It was a hot day on the upper west side of Manhattan. I had just dropped my freshman stepdaughter off in her dorm room at Columbia University and was experiencing a rare and marvelous moment of directionlessness. Daphne, age five, stood at Broadway and 114th at a table with her father and held a sign saying “Lemonade 50 cents.”
I said, “Wonderful. Lemonade. Perfect thing on this hot day. How much does it cost?”
“Fifty cents,” Daphne replied with a smile.
“Fifty cents. That’s cheep. Can I have a glass?”
“Certainly,” said Daphne.
I gave her a five-dollar bill, and she reached into the zippered purse around her neck, giving me back two quarters.
“But I gave you a five,” I said.
“Do you have four dollars?” asked her father, reaching into the purse himself without waiting for an answer. He gave her four ones, which she gave to me with a big, proud smile. She seemed so thrilled by the whole experience that the actual mathematics of the affair was by no means her primary interest.
Adding and subtracting money is not in the standard curriculum until 2nd grade, because “educators” don’t want five and six-year-olds to be challenged beyond their capability. The assumption that we will hurt or discourage Daphne by over challenging her is embedded in our schools and has not been adequately examined.
The next customer gave Daphne a dollar bill and Daphne pulled out two coins. She handed a quarter and a nickel to the man, who said, “I need two quarters.” Daphne responded appropriately with a big smile on her face.
Nothing succeeds like success? No. Nothing succeeds like play. Children try and fail, shoot and miss, over and over when they are having fun, when they are about some business that they find intriguing, valuable, meaningful. The critical factor is a social climate where it is O.K. to make mistakes.
When they enter kindergarten, children are ready for anything except boredom. Covering the curriculum is easy if the activities are rich and complex and the atmosphere playful. However, if each five-year-old has to master a long list of bits of skills by the time they enter first grade, and if these unnecessary restrictions continue through third grade, we will have burned them out by sixth grade. It is remarkable that most children are still respectful of their teachers by then, since the approach of the standard American school is so disrespectful of children and their considerable abilities.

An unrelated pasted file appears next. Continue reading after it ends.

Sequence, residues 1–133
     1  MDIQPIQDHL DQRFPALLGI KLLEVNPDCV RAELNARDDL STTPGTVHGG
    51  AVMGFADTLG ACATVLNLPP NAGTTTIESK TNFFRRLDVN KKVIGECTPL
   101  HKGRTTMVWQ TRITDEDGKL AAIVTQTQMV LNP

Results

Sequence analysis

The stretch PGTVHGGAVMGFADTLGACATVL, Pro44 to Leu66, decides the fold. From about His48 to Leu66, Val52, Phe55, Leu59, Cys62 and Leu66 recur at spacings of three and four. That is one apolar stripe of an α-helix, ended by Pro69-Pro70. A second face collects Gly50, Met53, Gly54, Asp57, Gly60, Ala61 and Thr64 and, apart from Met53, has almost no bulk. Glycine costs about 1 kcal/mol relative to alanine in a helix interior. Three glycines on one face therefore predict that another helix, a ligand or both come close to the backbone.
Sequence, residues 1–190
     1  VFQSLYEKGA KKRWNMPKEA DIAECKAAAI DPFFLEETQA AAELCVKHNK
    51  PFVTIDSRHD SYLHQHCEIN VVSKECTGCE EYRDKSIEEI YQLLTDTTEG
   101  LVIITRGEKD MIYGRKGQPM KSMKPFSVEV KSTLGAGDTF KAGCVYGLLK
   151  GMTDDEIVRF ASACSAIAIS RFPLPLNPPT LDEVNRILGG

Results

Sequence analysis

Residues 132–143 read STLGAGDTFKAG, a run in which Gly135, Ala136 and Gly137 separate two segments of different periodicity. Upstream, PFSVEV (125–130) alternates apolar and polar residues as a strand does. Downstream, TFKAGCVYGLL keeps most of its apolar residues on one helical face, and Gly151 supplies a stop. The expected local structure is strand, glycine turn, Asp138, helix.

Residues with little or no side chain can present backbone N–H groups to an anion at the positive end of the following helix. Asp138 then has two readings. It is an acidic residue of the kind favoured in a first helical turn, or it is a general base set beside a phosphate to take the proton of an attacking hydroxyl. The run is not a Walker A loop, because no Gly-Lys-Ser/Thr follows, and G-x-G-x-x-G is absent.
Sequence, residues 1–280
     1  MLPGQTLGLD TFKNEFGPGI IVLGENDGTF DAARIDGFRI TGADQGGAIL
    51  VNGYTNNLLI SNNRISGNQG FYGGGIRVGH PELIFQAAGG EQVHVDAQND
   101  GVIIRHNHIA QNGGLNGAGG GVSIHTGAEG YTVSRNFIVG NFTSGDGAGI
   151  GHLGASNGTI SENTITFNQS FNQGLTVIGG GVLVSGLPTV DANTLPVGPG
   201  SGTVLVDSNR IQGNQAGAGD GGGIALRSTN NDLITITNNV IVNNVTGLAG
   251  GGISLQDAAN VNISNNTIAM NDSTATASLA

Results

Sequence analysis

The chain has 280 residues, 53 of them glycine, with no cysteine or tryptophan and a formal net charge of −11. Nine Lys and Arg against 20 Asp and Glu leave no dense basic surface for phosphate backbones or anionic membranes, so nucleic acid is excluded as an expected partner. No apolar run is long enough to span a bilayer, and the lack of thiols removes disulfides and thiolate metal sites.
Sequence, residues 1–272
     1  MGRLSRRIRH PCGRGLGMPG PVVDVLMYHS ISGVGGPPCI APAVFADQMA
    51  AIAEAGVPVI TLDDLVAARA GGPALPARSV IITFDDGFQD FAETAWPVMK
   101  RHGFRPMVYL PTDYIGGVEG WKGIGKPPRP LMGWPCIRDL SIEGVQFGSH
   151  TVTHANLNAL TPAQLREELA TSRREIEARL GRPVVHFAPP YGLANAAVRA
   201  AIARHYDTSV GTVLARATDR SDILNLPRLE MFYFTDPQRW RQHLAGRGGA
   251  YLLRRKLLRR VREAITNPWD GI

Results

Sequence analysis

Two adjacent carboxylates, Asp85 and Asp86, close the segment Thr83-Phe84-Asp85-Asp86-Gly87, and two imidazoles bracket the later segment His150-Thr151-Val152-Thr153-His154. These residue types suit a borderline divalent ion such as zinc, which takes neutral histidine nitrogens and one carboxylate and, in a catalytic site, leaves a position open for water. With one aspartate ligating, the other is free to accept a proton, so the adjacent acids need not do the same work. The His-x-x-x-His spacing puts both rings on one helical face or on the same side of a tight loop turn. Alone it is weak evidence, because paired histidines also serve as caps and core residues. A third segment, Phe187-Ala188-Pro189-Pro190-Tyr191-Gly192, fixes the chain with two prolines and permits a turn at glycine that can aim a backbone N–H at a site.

“Our current educational approach — and the testing that is driving it — is completely at odds with what scientists understand about how children develop during the elementary school years and has led to a curriculum that is strangling children and teachers alike. …
“Simply put, what children need to do in elementary school is not to cram for high school or college, but to develop ways of thinking and behaving that will lead to valuable knowledge and skills later on.”
My stepdaughter got into Columbia University not because the multiplication tables were drummed into her, but because she had the good fortune to go to a school that understood what Susan Engel understands. The teachers knew that learning place value and borrowing is only part of learning to subtract a two-digit number from a three-digit number, and that learning to subtract is a miniscule element of mathematics. They never ceased to challenge her with as much complexity as they could. We all knew that music, dance, physical education, art, theater, environmental education and community service are essential for full brain development and not optional “enrichment classes.” We know that recess and “down time” are critical, not optional.
Daphne’s mother was happy to tell me that she was one of the lucky ones to get into one of the “good” public schools in New York. I wish that “good” meant the same to everyone; i.e. a place of high learning, a cooperative place where it’s safe for each child to develop and discover his or her own peculiar, unique genius.